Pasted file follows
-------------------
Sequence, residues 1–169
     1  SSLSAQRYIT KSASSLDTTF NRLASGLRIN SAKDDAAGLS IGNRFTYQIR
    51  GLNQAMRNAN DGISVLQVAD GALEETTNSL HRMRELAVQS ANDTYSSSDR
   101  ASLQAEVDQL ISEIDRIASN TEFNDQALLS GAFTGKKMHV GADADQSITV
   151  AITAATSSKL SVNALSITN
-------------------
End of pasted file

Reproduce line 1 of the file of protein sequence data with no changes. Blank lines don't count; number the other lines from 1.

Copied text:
Sequence, residues 1–169